Overweight men had a 49% higher risk of developing heart failure versus normal weight men
Obese men had a 180% higher risk of developing heart failure versus normal weight men
Exercise can help:
Men who did vigorous physical activity 5 to 7 times per week had a 36% lower risk of heart failure
While men who did vigorous physical activity 1 to 3 times per month had an 18% lower risk of heart failure
The combined effects of weight and physical activity were tremendous:
Normal weight men had a 19% risk of heart failure
Overweight but active men had a 49% risk
Overweight and inactive men had a 78% risk
Obese but active men had a 168% risk
Obese and inactive men had a 293% risk
Exercise helped decrease risk of heart failure in ALL men. So men Keep Lean and Exercise to protect your heart!!
For more heart healthy info visit www.heart-strong.com
Several years ago the U.S. Surgeon General came out with the 10,000 steps program, encouraging every adult to walk 10,000 steps every day. This was considered the minimum amount of daily heart healthy activity. Now new recommendations are being evaulated by the Centers for Disease Control based on research that will be published in the May 2009 issue of American Journal of Preventive Medicine. The new guideline recommends walking 3,000 steps over 30 minutes or 1,000 steps for 10 minutes five days a week. This gets your heart pumping to achieve a moderate level of physical activity. Walking is a very heart healthy activity, so get that pedometer out and start walking (your heart will thank you)….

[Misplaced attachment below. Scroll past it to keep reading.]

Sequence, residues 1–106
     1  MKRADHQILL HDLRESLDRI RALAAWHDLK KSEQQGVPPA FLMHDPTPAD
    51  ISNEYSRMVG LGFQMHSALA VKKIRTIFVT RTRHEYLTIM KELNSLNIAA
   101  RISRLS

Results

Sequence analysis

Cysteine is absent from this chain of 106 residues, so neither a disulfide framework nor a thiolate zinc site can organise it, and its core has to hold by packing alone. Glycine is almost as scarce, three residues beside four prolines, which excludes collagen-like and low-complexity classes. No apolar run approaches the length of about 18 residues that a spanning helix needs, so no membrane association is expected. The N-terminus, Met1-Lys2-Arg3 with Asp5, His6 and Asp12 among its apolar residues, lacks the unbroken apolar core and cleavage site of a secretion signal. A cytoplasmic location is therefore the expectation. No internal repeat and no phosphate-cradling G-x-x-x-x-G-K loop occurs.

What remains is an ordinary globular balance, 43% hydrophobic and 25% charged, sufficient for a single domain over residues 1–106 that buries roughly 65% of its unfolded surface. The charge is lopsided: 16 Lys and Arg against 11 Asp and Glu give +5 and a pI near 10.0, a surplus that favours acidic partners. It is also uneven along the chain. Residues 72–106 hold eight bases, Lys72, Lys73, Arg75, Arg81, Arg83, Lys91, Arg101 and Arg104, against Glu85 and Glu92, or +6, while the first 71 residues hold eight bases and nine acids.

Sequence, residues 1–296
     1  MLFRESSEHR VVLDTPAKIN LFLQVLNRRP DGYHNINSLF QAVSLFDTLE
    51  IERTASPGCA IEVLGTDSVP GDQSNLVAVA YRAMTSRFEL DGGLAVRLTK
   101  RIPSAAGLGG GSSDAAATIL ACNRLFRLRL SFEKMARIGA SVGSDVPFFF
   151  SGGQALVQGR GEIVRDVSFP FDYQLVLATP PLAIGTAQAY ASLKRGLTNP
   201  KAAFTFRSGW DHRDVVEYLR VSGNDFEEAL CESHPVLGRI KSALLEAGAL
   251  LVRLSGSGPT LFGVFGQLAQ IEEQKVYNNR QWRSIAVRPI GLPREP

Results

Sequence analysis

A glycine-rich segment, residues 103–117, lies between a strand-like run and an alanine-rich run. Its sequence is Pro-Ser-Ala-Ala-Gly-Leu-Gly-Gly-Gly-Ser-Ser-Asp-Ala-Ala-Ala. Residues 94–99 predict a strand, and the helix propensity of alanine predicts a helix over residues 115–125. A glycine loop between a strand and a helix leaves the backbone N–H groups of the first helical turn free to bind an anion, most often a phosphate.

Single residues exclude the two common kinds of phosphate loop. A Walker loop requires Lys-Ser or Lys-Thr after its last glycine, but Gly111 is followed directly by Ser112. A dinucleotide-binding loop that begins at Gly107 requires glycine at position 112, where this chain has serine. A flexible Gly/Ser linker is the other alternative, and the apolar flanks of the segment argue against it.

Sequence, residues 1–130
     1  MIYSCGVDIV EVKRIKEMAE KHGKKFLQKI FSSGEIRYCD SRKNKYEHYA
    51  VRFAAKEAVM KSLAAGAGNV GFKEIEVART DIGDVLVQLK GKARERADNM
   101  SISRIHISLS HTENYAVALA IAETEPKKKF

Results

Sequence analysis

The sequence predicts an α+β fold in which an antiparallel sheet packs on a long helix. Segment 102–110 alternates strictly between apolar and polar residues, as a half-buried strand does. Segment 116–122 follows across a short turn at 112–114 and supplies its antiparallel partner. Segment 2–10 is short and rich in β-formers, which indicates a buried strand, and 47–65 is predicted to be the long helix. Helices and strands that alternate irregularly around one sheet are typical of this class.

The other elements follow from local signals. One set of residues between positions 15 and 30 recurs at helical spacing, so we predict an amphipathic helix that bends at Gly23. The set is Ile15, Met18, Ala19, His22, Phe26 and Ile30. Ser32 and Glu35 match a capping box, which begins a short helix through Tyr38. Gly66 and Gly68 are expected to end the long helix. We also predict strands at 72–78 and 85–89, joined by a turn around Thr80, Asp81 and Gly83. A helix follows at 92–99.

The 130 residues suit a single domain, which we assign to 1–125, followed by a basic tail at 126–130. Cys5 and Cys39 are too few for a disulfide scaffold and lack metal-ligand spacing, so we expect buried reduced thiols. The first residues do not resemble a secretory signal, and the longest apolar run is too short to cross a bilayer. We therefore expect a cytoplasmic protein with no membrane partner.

Migraine headaches have previously been shown to be a risk factor for heart disease and stroke in women, especially migraines with an aura or visual changes. A study published in the British Medical Journal (March 2009) found that migraines during pregnancy can be lethal. Over 33,000 pregnant women diagnosed with migraines were studied. Women over 35 years of age were more likely to experience migraines during pregnancy. Women who had migraines during pregnancy were 15 times more likely to have a stroke and twice as likely to develop heart disease. All women need to know their risk factors in order to prevent a heart attack and stroke.